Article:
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An Evaluation of Single and Mixed Gender Computer Science Classes

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  • Weber, Andrea Maria

Abstract

Discussions on the benefits of single-gender education on girls science outcomes are popular in the German education literature. However, most empirical evidence tends to be qualitative work and the causal effects of single-gender education are hardly identified using appropriate statistical methods. This paper provides insights from a recent single-gender-education school project conducted in computer science classes at a German lower secondary school. About 80 students participated in this intervention study repeatedly answering specifically designed questionnaires and tests. The project fails to identify positive effects from single-gender education but the interpretation is impeded by several confounding factors. When directly asked, most students prefer to be educated in mixed-gender groups, while the participating teachers judge their teaching experience with the project groups in favour of single-gender education.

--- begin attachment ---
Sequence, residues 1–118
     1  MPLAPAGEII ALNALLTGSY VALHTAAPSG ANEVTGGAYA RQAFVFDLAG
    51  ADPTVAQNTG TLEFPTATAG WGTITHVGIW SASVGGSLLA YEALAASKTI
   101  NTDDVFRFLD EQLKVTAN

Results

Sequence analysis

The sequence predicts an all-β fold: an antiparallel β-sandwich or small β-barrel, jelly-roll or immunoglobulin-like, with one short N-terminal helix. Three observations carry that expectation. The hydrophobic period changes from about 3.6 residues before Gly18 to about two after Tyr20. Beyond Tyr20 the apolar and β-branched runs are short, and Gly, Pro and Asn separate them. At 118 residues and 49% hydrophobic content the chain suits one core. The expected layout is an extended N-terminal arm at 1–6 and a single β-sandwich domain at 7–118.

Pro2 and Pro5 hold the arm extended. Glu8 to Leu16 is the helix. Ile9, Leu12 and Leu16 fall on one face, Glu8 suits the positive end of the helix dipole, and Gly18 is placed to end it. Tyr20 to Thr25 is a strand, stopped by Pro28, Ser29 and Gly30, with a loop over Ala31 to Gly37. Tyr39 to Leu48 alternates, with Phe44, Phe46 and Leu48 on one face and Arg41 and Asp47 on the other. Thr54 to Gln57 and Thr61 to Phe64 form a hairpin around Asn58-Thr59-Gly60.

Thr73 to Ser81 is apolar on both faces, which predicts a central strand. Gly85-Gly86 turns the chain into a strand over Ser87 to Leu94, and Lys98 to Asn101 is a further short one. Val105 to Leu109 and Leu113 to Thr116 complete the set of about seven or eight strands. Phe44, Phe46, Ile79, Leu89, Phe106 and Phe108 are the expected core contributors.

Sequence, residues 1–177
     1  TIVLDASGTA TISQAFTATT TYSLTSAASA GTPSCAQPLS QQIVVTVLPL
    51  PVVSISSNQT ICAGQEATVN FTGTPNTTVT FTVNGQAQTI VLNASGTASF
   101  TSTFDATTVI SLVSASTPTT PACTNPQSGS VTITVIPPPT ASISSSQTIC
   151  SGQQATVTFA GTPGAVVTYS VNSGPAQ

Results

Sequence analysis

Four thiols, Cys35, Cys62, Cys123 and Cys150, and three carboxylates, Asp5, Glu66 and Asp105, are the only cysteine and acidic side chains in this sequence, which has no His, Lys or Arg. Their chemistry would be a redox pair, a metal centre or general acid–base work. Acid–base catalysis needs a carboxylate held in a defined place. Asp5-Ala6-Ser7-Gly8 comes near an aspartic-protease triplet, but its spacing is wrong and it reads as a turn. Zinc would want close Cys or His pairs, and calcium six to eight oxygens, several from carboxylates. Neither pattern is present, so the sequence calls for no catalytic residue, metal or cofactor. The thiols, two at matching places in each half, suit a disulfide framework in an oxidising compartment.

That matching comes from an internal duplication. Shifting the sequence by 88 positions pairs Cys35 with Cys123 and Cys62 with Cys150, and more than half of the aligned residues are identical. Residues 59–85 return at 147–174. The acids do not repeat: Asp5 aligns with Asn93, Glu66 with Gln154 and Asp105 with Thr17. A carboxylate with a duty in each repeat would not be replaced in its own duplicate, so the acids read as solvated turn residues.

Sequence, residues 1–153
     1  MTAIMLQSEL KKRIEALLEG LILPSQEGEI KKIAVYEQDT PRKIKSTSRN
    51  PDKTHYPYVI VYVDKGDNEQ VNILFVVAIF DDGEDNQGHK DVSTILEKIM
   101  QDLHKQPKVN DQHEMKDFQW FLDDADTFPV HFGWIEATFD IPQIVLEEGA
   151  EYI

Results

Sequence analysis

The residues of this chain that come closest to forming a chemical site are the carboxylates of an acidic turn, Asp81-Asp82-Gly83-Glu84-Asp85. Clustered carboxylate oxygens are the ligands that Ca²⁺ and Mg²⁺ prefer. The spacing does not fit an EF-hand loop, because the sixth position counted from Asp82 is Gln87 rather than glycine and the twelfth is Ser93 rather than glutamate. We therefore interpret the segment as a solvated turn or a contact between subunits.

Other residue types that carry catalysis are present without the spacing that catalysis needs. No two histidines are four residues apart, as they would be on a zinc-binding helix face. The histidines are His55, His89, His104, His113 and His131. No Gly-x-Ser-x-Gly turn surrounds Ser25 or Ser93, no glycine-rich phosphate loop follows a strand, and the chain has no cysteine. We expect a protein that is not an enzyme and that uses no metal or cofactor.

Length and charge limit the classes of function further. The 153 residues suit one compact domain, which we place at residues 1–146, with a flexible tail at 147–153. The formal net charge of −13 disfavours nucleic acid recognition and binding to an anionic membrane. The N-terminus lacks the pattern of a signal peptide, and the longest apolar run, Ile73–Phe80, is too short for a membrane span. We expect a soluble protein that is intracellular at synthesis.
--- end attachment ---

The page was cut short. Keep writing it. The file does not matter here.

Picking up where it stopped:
Suggested Citation

  • Weber, Andrea Maria, 2007. "An Evaluation of Single and Mixed Gender Computer Science Classes," Hannover Economic Papers (HEP) dp-369, Leibniz Universität Hannover, Wirtschaftswissenschaftliche Fakultät.
  • Handle: RePEc:han:dpaper:dp-369
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    File URL: http://diskussionspapiere.wiwi.uni-hannover.de/pdf_bib/dp-369.pdf
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    References listed on IDEAS

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    1. Sandra E. Black & Alexandra Spitz-Oener, 2010. "Explaining Women's Success: Technological Change and the Skill Content of Women's Work," The Review of Economics and Statistics, MIT Press, vol. 92(1), pages 187-194, February.
    2. James J. Heckman & Jeffrey A. Smith, 1995. "Assessing the Case for Social Experiments," Journal of Economic Perspectives, American Economic Association, vol. 9(2), pages 85-110, Spring.
    3. James J. Heckman & Hidehiko Ichimura & Petra Todd, 1998. "Matching As An Econometric Evaluation Estimator," Review of Economic Studies, Oxford University Press, vol. 65(2), pages 261-294.
    Full references (including those not matched with items on IDEAS)

    More about this item

    Keywords

    gender; education; identification; coeducation; segregation; experiments;

    JEL classification:

    • I21 - Health, Education, and Welfare - - Education - - - Analysis of Education
    • J16 - Labor and Demographic Economics - - Demographic Economics - - - Economics of Gender; Non-labor Discrimination

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